PERU (INS)—High up in the Andes Mountains of Peru, Churches of Ayacucho missionaries partnered with Intercede International have an intensive ministry among poor children—teaching them the Bible and providing for their physical needs, such as food and clothing. These missionaries believe that children are the future of the Peruvian church.
The Quechua people of Ayacucho have a need for hope after decades of oppression and poverty. For instance Shining Path Communist terrorists swept through this region in the 1980s and ’90s—killing people and burning down or taking over entire villages. The scars still remain, but the Quechuans are finding that Jesus is their hope.
In early 2015 COA started a feeding centre for poor Quechua children located at Cedepa, a shanty-town in the suburbs of Ayacucho, where many Quechuan refugees live.
“Our ministry feeding centre has been operating for the fourth year and we praise the Lord for His mercy and provision for the needy children of our region,” reports the leader of COA (name protected for security reasons). “The number of children that attend the feeding centre fluctuates between 70 and 100. Our ministry provides for them one meal a day, helps with their school homework and teaches the Bible. The majority of children are doing well in school and have good grades.”
The feeding centre has 12 teenagers who help with the young children—with tasks such as: keeping order, attending to the children at lunch time, and cleaning the kitchen utensils. “Helping us at the feeding centre teaches them responsibility and gives a sense of belonging to a family,” explains COA’s leader.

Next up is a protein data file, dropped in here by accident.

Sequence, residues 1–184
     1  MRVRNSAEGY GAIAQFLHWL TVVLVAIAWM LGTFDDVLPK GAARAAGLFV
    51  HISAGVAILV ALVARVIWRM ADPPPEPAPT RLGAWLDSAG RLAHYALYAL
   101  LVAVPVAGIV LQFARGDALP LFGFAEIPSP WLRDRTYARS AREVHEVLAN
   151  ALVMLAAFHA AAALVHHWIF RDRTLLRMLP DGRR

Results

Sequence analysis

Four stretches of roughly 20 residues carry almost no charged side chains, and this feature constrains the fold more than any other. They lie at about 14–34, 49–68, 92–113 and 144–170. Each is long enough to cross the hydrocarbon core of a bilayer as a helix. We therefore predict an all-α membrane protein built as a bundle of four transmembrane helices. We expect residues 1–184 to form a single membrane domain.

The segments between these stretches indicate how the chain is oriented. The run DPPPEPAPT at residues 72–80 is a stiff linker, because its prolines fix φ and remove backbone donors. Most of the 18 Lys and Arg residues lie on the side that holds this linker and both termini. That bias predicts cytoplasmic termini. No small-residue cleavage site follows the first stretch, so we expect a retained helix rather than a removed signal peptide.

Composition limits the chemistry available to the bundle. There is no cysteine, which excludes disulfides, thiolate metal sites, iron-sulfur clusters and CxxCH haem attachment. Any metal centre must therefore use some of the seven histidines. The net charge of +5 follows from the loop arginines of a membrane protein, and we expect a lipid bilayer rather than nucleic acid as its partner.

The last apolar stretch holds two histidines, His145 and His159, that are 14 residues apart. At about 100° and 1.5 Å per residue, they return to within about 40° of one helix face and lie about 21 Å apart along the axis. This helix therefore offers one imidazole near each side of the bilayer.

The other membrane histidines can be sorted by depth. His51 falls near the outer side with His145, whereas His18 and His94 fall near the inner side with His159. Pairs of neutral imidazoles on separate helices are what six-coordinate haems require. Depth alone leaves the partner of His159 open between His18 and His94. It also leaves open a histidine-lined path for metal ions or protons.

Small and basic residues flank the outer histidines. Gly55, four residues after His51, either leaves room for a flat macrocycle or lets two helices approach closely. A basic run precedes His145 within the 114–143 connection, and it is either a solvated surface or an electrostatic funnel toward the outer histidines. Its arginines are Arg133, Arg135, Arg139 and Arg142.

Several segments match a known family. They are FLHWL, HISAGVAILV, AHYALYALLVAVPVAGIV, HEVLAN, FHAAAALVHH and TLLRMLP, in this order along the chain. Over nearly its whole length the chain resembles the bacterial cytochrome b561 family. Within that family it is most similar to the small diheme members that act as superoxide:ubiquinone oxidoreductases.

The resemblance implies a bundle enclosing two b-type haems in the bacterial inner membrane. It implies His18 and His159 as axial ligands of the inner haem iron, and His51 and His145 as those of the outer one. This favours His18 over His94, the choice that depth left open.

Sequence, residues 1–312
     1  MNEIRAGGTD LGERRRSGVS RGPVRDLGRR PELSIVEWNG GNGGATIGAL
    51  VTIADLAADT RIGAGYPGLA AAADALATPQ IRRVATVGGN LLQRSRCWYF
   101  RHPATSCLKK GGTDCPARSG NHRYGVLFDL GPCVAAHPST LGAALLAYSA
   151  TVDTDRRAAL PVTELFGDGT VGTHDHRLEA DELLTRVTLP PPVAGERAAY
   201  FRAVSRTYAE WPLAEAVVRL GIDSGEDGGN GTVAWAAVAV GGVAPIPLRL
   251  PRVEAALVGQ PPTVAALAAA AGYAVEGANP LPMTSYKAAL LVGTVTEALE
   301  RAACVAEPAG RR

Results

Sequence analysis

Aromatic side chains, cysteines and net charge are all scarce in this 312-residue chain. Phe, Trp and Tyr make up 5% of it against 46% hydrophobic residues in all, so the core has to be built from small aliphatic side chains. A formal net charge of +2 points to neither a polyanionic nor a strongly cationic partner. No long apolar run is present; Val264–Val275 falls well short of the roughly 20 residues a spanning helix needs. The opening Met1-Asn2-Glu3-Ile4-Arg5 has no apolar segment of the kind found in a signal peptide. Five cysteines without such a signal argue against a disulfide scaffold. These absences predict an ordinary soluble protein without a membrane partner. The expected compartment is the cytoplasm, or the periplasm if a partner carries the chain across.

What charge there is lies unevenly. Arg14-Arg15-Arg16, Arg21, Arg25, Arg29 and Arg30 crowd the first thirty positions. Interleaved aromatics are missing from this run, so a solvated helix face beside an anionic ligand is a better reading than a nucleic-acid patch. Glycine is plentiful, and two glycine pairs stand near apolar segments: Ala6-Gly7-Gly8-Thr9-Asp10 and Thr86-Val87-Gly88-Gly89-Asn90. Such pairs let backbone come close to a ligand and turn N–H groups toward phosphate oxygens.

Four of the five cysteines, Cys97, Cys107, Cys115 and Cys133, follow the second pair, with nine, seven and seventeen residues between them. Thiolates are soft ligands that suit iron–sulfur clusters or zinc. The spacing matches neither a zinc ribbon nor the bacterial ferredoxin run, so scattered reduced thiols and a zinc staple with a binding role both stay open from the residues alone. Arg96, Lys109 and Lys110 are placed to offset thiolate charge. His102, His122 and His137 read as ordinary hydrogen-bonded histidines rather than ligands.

“With sadness I need to share the cruel reality as some of these teenagers have received proposals to work in bars, accompanying male customers and for each bottle of beer that the male buys they can receive a tip. Also, some were asked to work in brothels. As part of our ministry, we have had times of dialogue and biblical counseling with these girls. We are doing a follow-up with them and encourage them to complete high school and dream to attend a university.”
At Cedepa, most children have low learning achievements and, when they go to their homes, there is no one to teach them since their parents are out working until 8 to 9 pm, earning little money. Some children are left in the care of their grandparents or relatives who are illiterate, so they can’t help with the school homework. For those reasons, COA is doing everything possible to support them with their school homework. “We started providing after-school reinforcement classes twice a week and helping them to do their homework at our feeding centre,” reports the leader. “Every Sunday afternoon we hold Bible school, sowing among them a culture of Christian values.
“One of the challenges we faced came when the owner of the house we used to rent, a Christian brother, announced that he will no longer rent out the house to us. So we prayed for a response, and the mother of Pastor Francisco offered a barn that was being used to raise chickens and other farm animals. She said that they could move the animals to another place. With the help of the brothers, and also some of the children we started to clean up and do some renovations to the place. Now by God’s grace since August of 2016 we have moved to the new place and many non-Christian children come to be fed here, and to receive also the Word of God.” Currently COA needs $15,000 to buy the land. COA missionary Francisco B. is in charge of the Pastoral Program for Quechuan Children—including the ministry in Cedepa.